Find out more mistakes to avoid when writing a CV by reading our article: Mistakes to Avoid When Applying for a Job

7 Mistakes to Avoid When Writing Your CV

Here are some common mistakes to be wary of when writing a CV:

1. Writing in Third Person

CVs should never be written in third person. Use first person and choose the present or past tense to showcase the most important and relevant information to your employment goals.

So, for example, do not say “James Bell is…”, instead state “I am…”.

2. Removing Personal Information

Things to include: your address, postcode, mobile number and email address! So many people are not including this information, making it very difficult for agencies and organizations to know where candidates are looking for work and also to register the CVs on their systems.

It also makes it impossible to find candidates again when searching in specific locations.

3. Including a Headshot/Photograph

This is just a waste of space, especially as you should already be aiming to cut your CV down into two pages.

Also, don’t save your CV as an infographic. These may look good, but they can’t be used by agencies and often won’t upload to company career sites. Send your CV as a PDF or Word document and keep the formatting simple!

4. Expanding Margins and Cutting White Space

No one wants to read a CV that is formatted with a tiny font and no white space! White space allows the eye to rest between reading and absorbing the content, and it acts as a cue to important information the employer should read with care.

At the same time, a CV with too much white space will look like you have no relevant experience or skills to offer the employer. Find a happy medium – keep the CV readable and clean, while filling the space.

5. Including Spelling, Grammar and Punctuation Mistakes

In this day and age there should be NO excuses, but it still happens, and more often than you would expect. These kinds of mistakes can get even the most qualified candidate’s CV thrown into the “no” pile.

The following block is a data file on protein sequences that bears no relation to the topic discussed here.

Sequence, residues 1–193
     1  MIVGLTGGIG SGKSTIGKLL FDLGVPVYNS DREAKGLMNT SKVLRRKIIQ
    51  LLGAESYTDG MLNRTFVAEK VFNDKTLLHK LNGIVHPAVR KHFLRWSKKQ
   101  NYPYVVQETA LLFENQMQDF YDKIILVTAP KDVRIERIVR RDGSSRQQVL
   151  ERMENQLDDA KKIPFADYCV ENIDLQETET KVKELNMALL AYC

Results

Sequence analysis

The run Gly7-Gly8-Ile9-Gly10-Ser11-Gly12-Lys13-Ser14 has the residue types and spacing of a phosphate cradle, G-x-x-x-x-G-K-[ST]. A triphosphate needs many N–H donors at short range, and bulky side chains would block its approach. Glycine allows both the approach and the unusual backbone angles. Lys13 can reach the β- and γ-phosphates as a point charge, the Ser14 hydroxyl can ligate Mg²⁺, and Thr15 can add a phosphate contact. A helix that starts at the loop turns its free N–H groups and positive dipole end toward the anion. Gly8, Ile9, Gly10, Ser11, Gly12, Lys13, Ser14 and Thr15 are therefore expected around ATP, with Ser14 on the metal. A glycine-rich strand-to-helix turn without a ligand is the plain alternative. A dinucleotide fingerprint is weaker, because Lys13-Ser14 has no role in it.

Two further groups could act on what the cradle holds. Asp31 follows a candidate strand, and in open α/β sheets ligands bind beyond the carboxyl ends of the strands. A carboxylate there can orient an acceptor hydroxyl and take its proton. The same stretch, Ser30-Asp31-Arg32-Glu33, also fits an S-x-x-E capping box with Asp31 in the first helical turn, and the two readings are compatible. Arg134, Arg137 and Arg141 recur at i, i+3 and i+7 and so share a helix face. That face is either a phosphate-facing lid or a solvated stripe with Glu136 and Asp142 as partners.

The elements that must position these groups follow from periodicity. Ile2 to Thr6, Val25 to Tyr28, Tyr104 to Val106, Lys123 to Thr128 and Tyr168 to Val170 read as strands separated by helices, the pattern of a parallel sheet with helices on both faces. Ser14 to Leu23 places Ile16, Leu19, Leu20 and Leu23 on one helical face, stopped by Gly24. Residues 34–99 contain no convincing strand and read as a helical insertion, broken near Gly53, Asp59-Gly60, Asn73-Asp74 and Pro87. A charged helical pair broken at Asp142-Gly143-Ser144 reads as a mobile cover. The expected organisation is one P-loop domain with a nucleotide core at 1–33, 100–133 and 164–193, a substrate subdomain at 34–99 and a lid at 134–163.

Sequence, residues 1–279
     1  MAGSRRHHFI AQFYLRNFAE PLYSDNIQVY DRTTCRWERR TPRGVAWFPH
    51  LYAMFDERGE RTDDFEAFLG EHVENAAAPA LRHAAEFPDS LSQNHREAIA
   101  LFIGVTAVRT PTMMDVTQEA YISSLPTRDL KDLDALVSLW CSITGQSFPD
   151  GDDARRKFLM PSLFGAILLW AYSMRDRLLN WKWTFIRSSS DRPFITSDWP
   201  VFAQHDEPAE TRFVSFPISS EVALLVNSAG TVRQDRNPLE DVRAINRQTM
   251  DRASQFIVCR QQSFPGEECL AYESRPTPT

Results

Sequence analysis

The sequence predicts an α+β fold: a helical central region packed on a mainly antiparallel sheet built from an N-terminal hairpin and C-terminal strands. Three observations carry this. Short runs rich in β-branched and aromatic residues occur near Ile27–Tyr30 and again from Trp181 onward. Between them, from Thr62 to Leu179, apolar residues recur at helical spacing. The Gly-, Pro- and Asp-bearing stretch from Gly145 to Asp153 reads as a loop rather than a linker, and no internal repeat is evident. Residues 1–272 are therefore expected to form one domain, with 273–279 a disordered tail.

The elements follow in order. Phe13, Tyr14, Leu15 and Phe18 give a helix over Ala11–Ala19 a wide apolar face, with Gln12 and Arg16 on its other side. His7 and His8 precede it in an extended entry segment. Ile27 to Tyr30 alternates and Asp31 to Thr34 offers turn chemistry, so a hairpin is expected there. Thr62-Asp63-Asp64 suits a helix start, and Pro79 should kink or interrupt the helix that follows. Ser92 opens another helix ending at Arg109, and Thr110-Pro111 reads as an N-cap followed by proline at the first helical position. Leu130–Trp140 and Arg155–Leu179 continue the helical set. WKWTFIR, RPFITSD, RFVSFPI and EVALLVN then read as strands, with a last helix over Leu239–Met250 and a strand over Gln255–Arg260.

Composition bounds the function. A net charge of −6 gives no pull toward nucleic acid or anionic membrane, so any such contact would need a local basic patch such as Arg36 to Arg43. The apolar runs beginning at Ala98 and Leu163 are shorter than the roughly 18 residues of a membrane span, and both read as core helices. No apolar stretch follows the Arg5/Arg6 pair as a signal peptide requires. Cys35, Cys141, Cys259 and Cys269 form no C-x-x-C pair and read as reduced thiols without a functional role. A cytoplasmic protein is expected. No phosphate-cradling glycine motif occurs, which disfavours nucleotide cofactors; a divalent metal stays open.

Remember, the CV is an excellent way to demonstrate to potential employers or recruiters what type of employee you are, your attitude to work and, most importantly, your attention to detail!

After you have reviewed your CV carefully, have a friend – or two – review it again for you!

6. Heavily Detailing Secondary Experiences

It is very easy to keep adding a new job to your existing CV, but does your previous role still hold any relevance? Or, looking back, should your previous role actually be enhanced to support more of your present role?

I am responsible for the leadership, coaching and development of 100 FTE. In the past year we have seen an uplift of 5% on service level performance against the previous 5 years.

As your career progresses, your older jobs may not be as relevant as they once were.  Your CV is your opportunity to showcase your career and you need to highlight what is most important, taking space from less important detail that you may now be able to remove.

7. Listing Your Duties From a Previous Job

Everyone needs to see and understand what you do, but what is it that sets you apart from the crowd?

Instead of listing some or all of your duties and responsibilities, try and include some achievements, tangibles, or context around the role.

Contributed by: Michelle Ansell at Douglas Jackson

We hope that all of these positive words to add to your CV will get you that all-important interview.

If so, come back to this page and check out the articles below, which provide some great advice for dealing with this next stage of the process:

Author: Jonty Pearce
Reviewed by: Megan Jones

Published On: 28th Dec 2022 - Last modified: 4th Jul 2024
Read more about - Call Centre Life, , , , , , , , , ,

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  • These phrases are positive and dynamic .

    Jeffrey Bradshaw 15 Apr at 11:43
  • I’m re-writing my CV at the moment and find this really useful.

    Ricky Zielinski 16 Apr at 09:10